Subscribe To Felicity Huffman Is Pleading Guilty In College Scandal, Says She’s ‘Ashamed’ Updates
felicity huffman in desperate housewives before college admissions cheating scandal

We’re a few weeks out from news first breaking that some famous names including Felicity Huffman and Lori Loughlin had allegedly participated in some devious behind-the-scenes behavior to get their kids into good schools during the rough college admissions process. As more and more news breaks related to the case, some parents have ultimately decided to take their medicine and plead guilty in the scandal perpetrated by attorney Rick Singer.

Now, Felicity Huffman has come out to say she is going to be pleading guilty in the college admissions scandal, noting that she is ashamed of what she put her daughter and her family though. Her statement mentions:

I am ashamed of the pain I have caused my daughter, my family, my friends, my colleagues and the educational community. I want to apologize to them and, especially, I want to apologize to the students who work hard every day to get into college, and to their parents who make tremendous sacrifices to support their children and do so honestly.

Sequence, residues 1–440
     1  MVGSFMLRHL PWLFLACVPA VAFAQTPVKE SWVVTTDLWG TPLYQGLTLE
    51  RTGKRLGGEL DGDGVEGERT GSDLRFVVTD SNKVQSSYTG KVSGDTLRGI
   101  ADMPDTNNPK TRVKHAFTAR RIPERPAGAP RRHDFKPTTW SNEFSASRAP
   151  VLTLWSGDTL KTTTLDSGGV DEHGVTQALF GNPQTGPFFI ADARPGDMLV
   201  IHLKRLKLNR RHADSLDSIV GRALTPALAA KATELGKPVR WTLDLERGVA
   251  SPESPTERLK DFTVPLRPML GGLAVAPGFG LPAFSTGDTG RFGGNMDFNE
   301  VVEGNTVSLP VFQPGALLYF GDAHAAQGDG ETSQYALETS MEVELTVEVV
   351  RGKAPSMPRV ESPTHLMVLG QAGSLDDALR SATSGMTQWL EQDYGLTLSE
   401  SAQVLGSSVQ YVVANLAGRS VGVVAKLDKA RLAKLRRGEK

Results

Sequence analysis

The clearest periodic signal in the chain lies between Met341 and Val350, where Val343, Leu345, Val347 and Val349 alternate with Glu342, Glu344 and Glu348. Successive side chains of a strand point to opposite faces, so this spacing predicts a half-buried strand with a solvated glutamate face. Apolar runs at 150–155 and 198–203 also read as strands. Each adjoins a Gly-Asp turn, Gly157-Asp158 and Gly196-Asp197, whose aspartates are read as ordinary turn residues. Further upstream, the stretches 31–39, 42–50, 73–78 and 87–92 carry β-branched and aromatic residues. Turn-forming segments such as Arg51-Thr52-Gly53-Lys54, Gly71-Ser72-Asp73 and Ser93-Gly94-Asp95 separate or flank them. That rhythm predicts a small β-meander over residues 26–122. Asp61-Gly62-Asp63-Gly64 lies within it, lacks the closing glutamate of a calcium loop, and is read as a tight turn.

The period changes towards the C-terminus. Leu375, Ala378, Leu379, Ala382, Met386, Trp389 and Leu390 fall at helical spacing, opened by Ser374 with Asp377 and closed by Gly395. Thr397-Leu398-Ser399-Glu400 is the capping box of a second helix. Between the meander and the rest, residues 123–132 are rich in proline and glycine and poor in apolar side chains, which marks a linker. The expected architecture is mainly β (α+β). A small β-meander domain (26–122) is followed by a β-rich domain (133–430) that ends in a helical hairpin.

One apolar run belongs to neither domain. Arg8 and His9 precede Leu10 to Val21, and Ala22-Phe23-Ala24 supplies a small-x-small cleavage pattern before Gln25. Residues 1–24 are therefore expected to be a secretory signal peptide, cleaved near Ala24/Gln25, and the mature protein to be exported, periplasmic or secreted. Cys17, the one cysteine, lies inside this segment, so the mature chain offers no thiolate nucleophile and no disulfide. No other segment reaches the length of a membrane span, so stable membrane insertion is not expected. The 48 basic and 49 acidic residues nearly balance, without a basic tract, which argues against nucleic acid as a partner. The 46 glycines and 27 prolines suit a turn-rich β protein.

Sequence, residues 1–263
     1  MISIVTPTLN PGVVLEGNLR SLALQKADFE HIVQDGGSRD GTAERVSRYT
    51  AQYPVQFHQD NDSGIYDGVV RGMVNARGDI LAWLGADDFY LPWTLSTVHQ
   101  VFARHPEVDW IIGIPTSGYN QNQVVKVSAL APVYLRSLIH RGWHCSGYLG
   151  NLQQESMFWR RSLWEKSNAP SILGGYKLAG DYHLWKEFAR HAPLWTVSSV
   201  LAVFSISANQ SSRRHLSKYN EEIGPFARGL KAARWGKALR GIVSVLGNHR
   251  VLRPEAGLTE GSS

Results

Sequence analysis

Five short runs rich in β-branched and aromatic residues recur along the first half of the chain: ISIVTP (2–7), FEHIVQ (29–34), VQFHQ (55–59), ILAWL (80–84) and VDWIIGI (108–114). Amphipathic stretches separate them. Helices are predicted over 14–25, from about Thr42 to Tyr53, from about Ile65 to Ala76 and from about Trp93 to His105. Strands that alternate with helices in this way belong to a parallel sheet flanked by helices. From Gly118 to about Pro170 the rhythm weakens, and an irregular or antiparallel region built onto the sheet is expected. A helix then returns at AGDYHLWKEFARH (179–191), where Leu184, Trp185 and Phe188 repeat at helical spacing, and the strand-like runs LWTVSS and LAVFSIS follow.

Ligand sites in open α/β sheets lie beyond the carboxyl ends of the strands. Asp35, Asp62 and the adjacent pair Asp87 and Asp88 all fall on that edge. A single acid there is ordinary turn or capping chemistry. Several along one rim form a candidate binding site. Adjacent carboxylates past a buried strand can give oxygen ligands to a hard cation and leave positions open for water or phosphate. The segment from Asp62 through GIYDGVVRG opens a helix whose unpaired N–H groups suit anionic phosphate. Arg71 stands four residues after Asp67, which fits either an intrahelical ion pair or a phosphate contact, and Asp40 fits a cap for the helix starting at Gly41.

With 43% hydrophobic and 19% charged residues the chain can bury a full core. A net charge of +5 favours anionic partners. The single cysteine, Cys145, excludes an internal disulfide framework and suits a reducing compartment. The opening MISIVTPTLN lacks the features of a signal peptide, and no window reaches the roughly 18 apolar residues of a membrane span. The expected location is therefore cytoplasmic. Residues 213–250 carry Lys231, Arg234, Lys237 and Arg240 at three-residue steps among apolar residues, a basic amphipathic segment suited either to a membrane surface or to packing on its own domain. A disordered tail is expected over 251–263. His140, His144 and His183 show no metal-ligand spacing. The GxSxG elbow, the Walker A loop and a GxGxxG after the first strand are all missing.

While Felicity Huffman was arrested after allegedly paying $15,000 in a “charitable donation” that reportedly went straight into Rick Singer’s pocket to help her daughter cheat on her SAT test and get into a good school. With that money Huffman’s daughter had more time to take the test and her answers were reportedly corrected by the proctor. She gained 400 points on the test after her answers were corrected, allegedly nabbing a 1420 score following the changes.

Some parents who bought into this “charitable donations” scheme also wrote off those donations on their taxes, although those alleged donations have now been proven to have not been donations at all. Fox News reports defendants have agreed to pay the IRS in back taxes for these donations.

Felicity Huffman went on to state that her daughter had no knowledge of the special treatment she was given leading her to a better SAT score and that her “desire to help her daughter” was a “transgression” toward her kid as well as all of us in the public. She also said:

My daughter knew absolutely nothing about my actions, and in my misguided and profoundly wrong way, I have betrayed her. This transgression toward her and the public I will carry for the rest of my life. My desire to help my daughter is no excuse to break the law or engage in dishonesty.

The spotlight on this scandal has mostly focused on When Calls The Heart and Fuller House actress Lori Loughlin and her husband Mossimo Giannulli, who were both implicated in the scandal. Felicity Huffman’s husband William H. Macy was not charged, although phone call evidence seemingly indicated he knew about the decision to pay Rick Singer.